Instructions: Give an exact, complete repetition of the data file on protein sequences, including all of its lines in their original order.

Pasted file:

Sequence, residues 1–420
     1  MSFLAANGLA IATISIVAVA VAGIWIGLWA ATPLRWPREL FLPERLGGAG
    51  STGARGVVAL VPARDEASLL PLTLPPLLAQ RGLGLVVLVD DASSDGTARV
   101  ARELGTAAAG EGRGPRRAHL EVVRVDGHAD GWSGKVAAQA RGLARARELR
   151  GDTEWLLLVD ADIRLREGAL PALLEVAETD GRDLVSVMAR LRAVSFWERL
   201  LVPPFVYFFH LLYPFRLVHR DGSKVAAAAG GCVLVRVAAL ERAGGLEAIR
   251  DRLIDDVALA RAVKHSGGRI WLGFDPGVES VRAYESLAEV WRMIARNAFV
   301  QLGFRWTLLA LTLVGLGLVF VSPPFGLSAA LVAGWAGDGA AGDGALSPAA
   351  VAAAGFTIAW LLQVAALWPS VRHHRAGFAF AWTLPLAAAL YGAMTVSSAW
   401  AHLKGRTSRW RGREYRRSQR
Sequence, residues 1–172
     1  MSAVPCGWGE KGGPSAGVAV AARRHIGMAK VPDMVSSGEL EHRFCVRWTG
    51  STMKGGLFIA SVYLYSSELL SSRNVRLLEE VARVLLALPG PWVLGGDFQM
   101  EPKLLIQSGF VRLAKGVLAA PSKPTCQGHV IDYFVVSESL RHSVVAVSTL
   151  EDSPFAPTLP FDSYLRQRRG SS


Sequence, residues 1–420
     1  MSFLAANGLA IATISIVAVA VAGIWIGLWA ATPLRWPREL FLPERLGGAG
    51  STGARGVVAL VPARDEASLL PLTLPPLLAQ RGLGLVVLVD DASSDGTARV
   101  ARELGTAAAG EGRGPRRAHL EVVRVDGHAD GWSGKVAAQA RGLARARELR
   151  GDTEWLLLVD ADIRLREGAL PALLEVAETD GRDLVSVMAR LRAVSFWERL
   201  LVPPFVYFFH LLYPFRLVHR DGSKVAAAAG GCVLVRVAAL ERAGGLEAIR
   251  DRLIDDVALA RAVKHSGGRI WLGFDPGVES VRAYESLAEV WRMIARNAFV
   301  QLGFRWTLLA LTLVGLGLVF VSPPFGLSAA LVAGWAGDGA AGDGALSPAA
   351  VAAAGFTIAW LLQVAALWPS VRHHRAGFAF AWTLPLAAAL YGAMTVSSAW
   401  AHLKGRTSRW RGREYRRSQR
Sequence, residues 1–172
     1  MSAVPCGWGE KGGPSAGVAV AARRHIGMAK VPDMVSSGEL EHRFCVRWTG
    51  STMKGGLFIA SVYLYSSELL SSRNVRLLEE VARVLLALPG PWVLGGDFQM
   101  EPKLLIQSGF VRLAKGVLAA PSKPTCQGHV IDYFVVSESL RHSVVAVSTL
   151  EDSPFAPTLP FDSYLRQRRG SS